But perhaps there is a more mundane reason why the constructors’ championship simply doesn’t matter to Ferrari. For their rivals, constructors’ championship success alone determines how big a slice of F1’s vast prize fund they receive.

That is a less pressing concern for Ferrari because they automatically receive a special payment from the prize fund. This can be worth more than the different between two places in the constructors’ championship, as was the case last year.

But as we’ve seen, things change in Formula One. The distribution of F1’s prize money is likely a key point in the ongoing debate over the new Concorde Agreement which governs the sport.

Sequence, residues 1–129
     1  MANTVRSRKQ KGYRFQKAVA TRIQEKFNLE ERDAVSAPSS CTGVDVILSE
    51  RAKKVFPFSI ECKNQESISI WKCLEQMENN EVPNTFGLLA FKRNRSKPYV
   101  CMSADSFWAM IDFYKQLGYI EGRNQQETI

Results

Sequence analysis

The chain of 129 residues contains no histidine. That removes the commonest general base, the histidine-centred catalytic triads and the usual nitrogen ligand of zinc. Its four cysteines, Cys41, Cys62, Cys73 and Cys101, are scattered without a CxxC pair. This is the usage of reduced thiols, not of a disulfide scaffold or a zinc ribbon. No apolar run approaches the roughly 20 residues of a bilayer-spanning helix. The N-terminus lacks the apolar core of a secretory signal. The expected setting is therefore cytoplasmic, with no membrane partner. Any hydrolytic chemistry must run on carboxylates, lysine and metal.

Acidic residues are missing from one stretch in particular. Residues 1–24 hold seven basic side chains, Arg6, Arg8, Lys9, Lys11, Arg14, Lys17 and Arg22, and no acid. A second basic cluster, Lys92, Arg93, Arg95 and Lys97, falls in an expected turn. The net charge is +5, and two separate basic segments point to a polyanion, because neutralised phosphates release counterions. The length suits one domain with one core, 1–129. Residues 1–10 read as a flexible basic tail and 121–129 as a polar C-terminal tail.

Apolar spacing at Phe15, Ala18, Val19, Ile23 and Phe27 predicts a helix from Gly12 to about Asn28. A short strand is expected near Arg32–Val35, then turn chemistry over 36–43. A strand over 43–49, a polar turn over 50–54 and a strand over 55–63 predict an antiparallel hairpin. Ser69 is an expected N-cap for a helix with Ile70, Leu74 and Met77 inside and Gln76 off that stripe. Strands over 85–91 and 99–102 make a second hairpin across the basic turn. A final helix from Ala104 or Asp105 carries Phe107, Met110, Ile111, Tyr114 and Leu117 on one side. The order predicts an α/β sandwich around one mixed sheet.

Perhaps this is the final thing that needs to change before the Prancing Horse gets itself a pair of roosters.

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100 comments on Why Ferrari would do better with “two roosters”

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  1. BasCB (@bascb) said on 23rd October 2012, 10:18

    Thanks for again putting some analyses behind the debate @keithcollantine, nice article. I do hope Ferrari reconsider and do get Vettel and Alonso for 2014!

    • ka (@ka12) said on 23rd October 2012, 10:25

      Okay then, if Ferrari can treat them equally.

    • Jayfreese (@) said on 23rd October 2012, 12:22

      why Ferrari would do better with “two roosters”? LOL, Just how could Ferrari would do worst?

      • infy (@infy) said on 23rd October 2012, 12:45

        They would take points off of eachother and end up like Mclaren this year…

        • SparkyJ23 (@sparkyj23) said on 23rd October 2012, 12:56